Open your favorite code editor, create a file called sensor-basic.js and save it in the j5ik/ directory. Type — or copy and paste — the following JavaScript code into your sensor-basic.js file:

language:javascript
var five = require("johnny-five");
var Tessel = require("tessel-io");
var board = new five.Board({
  io: new Tessel()
});

board.on("ready", () => {
  var sensor = new five.Sensor("a7");

  sensor.on("change", () => console.log(sensor.value));
});

Type — or copy and paste — the following into your terminal:

t2 run sensor-basic.js

This isn’t particularly interesting, as all it does is output the value of the sensor (integers between 0 and 1023) until the program is interrupted. yawn

alt text

You should see something similar to this. Your sensor values (0-1023) being logged in the console.

Exploring the Hardware

Analog Input

For software to be able to work with data coming from an analog sensor, it first needs to be converted from an analog signal (infinite possible values) to a digital signal (discrete set of values). The microcontroller on the Tessel 2 does this analog-to-digital conversion (ADC) for you, sampling the incoming analog voltages and converting them to a range of values between 0 (0V) and 1023 (3.3V). Values in between are quantized to the nearest integer.

Asynchronous I/O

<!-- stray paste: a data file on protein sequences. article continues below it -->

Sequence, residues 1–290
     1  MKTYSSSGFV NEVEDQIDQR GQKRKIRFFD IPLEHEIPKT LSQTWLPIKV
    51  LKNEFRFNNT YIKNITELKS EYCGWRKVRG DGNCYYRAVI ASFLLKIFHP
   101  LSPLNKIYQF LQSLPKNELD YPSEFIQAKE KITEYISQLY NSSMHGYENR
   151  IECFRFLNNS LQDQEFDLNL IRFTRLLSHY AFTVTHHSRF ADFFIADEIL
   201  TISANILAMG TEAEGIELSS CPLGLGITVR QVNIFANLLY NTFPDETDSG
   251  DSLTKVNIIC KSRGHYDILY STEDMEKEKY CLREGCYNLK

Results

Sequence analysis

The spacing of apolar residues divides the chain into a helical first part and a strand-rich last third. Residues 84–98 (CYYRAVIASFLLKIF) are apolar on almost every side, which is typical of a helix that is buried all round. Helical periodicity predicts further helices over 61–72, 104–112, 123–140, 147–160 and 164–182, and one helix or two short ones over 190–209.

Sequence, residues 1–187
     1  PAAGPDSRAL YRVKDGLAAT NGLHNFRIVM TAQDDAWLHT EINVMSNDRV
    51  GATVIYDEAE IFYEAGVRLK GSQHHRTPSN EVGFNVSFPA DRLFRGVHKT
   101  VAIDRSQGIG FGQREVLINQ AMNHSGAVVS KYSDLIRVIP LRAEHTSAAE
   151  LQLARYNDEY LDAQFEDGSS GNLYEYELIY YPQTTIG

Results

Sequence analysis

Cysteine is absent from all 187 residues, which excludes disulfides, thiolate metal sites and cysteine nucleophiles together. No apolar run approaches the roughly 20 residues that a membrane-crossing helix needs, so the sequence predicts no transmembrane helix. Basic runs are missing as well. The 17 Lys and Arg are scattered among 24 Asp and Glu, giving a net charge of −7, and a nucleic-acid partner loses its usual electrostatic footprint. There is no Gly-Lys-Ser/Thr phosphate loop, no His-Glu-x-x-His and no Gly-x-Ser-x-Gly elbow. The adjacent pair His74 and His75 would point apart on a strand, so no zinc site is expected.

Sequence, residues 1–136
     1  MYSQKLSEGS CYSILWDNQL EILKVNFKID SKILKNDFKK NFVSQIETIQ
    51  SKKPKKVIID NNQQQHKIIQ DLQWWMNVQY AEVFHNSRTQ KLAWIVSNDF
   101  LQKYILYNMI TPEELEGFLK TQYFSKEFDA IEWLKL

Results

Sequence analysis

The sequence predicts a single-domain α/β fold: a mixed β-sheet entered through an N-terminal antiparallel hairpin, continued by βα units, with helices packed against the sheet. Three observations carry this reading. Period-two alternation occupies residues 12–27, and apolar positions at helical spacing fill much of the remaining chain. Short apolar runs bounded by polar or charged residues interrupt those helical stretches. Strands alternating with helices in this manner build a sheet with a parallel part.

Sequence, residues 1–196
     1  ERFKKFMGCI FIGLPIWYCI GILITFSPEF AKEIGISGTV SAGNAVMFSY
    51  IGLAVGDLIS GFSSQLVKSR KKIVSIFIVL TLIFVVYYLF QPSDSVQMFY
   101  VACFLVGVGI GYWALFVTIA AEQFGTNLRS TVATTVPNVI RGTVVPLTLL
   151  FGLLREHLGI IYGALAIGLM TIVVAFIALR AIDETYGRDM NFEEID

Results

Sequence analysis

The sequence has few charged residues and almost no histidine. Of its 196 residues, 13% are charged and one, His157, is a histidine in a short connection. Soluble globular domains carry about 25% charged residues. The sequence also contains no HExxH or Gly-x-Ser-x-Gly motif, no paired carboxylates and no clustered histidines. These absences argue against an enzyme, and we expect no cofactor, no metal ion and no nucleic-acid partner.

In Experiment 1: Blink an LED, we looked at the asynchronous nature of Node.js runtime, comparing how the Arduino Programming Language’s delay function is blocking, while Johnny-Five’s execution model follows the Node.js convention: non-blocking. Listening for Board ready events is an example of a common asynchronous pattern. Non-blocking I/O is extremely important to the JavaScript-for-hardware story, and the Tessel 2 has an exemplary implementation.

Tessel 2’s support for asynchronous, non-blocking I/O is in its hardware. In addition to the Mediatek chip (that’s where your code executes), it has a second processor (Atmel® SAMD21) that is responsible for I/O.

The MediaTek processor and the Atmel coprocessor exchange messages representing I/O state. Code that executes on the MediaTek chip (the Linux user space) has asynchronous access to the state captured on SAMD21. For example, if a digital input pin goes HIGH, the SAMD21 sends a message to the MediaTek chip and any code running can elect to consume that message. When code running on the MediaTek chip wants to output values to the SAMD21 to be written to an output pin, it simply sends the message, then keeps going.

alt text

The MediaTek chip (green) and the Atmel SAMD21 (blue) allow for Asynchronous I/O on your Tessel 2.

For the purpose of our experiment, it’s helpful to understand that when program code running on the MediaTek chip wants to know the value of an analog input, it sends a request for that information, registers a handler (a function) and continues on. Sometime “later” (likely within a millisecond or two), and always in a different execution turn, the SAMD21 responds with the present value of the input. The registered handler is then invoked with response value. This may happen once or repeatedly, but never causes the program to stop and wait.

Exploring the Code

Once the board has emitted the ready event, hardware inputs are ready for interaction:

language:javascript
var sensor = new five.Sensor("a7");

The first thing to do is create an instance of the Sensor class, indicating that this sensor is attached to Port A, Pin 7.

language:javascript
sensor.on("change", () => console.log(sensor.value));

Then, a handler function is registered for change events, meaning that anytime the reading changes, the function will be called.